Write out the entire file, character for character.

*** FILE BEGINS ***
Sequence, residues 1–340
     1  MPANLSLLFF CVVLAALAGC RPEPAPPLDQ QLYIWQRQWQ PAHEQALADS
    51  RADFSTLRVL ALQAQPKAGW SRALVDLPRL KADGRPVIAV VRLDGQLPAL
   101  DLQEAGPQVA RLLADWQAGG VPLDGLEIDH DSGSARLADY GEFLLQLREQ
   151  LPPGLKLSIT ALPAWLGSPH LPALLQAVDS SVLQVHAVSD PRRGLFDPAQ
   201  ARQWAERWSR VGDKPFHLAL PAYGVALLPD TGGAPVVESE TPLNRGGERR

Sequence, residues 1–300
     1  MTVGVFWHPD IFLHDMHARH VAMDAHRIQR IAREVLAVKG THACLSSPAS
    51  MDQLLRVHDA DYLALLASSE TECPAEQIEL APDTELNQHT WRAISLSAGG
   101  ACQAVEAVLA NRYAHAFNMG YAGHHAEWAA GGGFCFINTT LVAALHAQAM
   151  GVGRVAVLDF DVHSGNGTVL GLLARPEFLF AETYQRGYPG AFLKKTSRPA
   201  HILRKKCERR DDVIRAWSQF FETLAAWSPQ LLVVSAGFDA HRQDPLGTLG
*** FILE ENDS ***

Sequence, residues 1–340
     1  MPANLSLLFF CVVLAALAGC RPEPAPPLDQ QLYIWQRQWQ PAHEQALADS
    51  RADFSTLRVL ALQAQPKAGW SRALVDLPRL KADGRPVIAV VRLDGQLPAL
   101  DLQEAGPQVA RLLADWQAGG VPLDGLEIDH DSGSARLADY GEFLLQLREQ
   151  LPPGLKLSIT ALPAWLGSPH LPALLQAVDS SVLQVHAVSD PRRGLFDPAQ
   201  ARQWAERWSR VGDKPFHLAL PAYGVALLPD TGGAPVVESE TPLNRGGERR

Sequence, residues 1–300
     1  MTVGVFWHPD IFLHDMHARH VAMDAHRIQR IAREVLAVKG THACLSSPAS
    51  MDQLLRVHDA DYLALLASSE TECPAEQIEL APDTELNQHT WRAISLSAGG
   101  ACQAVEAVLA NRYAHAFNMG YAGHHAEWAA GGGFCFINTT LVAALHAQAM
   151  GVGRVAVLDF DVHSGNGTVL GLLARPEFLF AETYQRGYPG AFLKKTSRPA
   201  HILRKKCERR DDVIRAWSQF FETLAAWSPQ LLVVSAGFDA HRQDPLGTLG